Honda has been having a tough year. With the world just recovering from a shaky economy, the year 2015 was expected to see a surge in car sales. Honda, in particular, was expecting a huge profit from cars sales all over the world. However, the Takata airbag fiasco has made a significant dent in the financial bottom-line of Honda.
Takata, a Japanese manufacturer, was well aware of the air bag issue. In fact, a New York Times report brought the issue to their reader’s notice way back in 2014. According to the report, Takata knew that their air bags had been rupturing and spewing metal debris on drivers.
In an effort to hide the issue, the manufacturer decided to carry out secretive tests on 50 airbags retrieved from local scrap yards. The tests showed that the steel inflaters on the airbags had a higher chance of cracking when the bags inflated. The inflaters would also spew metallic debris into the driver’s face and chest increasing the chances of dangerous injuries and vehicular crashes. Instead of alerting authorities, the company deleted the results and disposed off the test results. But airbag ruptures increased, and Takata eventually had to face up to the mistakes. Takata has deals with almost every car manufacturer in the world and this resulted in more and more defective cars rolling off the production line.
The Honda Situation
As of 2015, more than 11 automakers have had to withdraw more than 14 million vehicles because of the errors. Four deaths have already been tied to the defect and more than 139 injuries have been reported. Honda has felt the financial pinch of recalls the most.
In the past, Honda spokespeople had discussed the issue with Takata and they had been reassured that the airbags problem was not a major issue. The discussion arose after a 2004 incident involving a 2002 Honda Accord and its airbag. This was the first known incident involving Honda. At the time, both Honda and Takata refused to disclose any details regarding the accident and a settlement was reached between the car company and the driver.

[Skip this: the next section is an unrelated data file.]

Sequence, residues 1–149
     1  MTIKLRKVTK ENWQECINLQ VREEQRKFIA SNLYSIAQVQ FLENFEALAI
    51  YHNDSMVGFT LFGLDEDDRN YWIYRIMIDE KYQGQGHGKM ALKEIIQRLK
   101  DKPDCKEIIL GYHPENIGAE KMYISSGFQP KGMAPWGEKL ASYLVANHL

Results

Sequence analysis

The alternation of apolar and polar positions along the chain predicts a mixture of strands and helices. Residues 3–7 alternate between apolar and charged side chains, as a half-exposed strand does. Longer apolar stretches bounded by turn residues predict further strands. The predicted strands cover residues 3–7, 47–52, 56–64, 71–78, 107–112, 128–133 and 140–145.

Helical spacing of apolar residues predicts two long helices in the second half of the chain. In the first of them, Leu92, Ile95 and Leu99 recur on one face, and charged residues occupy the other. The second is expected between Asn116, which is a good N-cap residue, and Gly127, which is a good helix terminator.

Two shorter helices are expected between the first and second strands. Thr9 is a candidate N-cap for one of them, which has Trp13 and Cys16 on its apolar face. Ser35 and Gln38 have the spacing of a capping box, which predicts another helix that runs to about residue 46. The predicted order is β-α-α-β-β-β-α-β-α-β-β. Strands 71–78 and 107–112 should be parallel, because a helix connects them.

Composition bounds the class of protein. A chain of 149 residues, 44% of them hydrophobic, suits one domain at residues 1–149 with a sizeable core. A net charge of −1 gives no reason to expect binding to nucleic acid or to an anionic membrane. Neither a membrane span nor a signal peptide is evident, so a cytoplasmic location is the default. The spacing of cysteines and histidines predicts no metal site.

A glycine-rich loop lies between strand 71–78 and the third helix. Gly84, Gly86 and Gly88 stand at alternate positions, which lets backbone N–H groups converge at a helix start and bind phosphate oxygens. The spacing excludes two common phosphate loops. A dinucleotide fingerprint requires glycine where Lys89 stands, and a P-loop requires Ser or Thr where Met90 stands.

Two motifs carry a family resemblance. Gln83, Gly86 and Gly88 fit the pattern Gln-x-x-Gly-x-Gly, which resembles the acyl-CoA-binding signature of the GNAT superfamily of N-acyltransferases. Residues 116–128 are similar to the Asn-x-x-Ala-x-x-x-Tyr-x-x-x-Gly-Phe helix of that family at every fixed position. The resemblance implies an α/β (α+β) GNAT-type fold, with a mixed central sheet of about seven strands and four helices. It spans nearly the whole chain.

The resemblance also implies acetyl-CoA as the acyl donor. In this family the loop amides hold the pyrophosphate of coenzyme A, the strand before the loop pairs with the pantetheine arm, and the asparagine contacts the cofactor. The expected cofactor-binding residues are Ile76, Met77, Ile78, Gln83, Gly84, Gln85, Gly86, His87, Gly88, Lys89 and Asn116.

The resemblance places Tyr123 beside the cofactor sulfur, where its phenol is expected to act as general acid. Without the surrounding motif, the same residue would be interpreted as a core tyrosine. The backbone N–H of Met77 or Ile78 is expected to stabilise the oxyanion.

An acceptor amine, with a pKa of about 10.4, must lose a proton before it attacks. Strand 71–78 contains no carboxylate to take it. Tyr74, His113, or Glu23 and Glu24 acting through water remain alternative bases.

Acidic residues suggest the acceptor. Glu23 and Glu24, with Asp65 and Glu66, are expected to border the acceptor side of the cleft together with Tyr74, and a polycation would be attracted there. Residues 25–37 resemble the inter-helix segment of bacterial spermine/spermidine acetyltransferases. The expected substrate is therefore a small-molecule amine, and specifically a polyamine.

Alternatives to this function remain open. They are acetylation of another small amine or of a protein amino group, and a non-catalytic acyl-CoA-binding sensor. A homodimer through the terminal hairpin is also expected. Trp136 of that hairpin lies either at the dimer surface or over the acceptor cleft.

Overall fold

The situation worsened with at least six deaths and more than 64 injuries related to exploding airbags in Honda cars. Honda is now facing the brunt of the problem and it has had to recall more than 5.5 million vehicles since 2014. The new recall covers more than 88,549 vehicles of 2008 Honda Pilots, about 10,868 vehicles of the 2004 Honda Civic and 5000 vehicles of the 2001 Honda Accords.
As of March 2015, the National Highway Traffic Safety Administration or the NHTSA has also started levying a $14,000 fine per day on Takata for failing to report the issue and delaying responses to inquiries from the NHTSA. Affected car manufacturers like BMW, Fiat Chrysler Automobiles NV, Ford Motor Co, Honda, Mazda Motor Co, Nissan Motor Co, and other companies have also joined together to create an investigative panel to deal with the issue. Independent testing of all Takata airbags will also be carried out by Orbital ATK to ensure customer safety.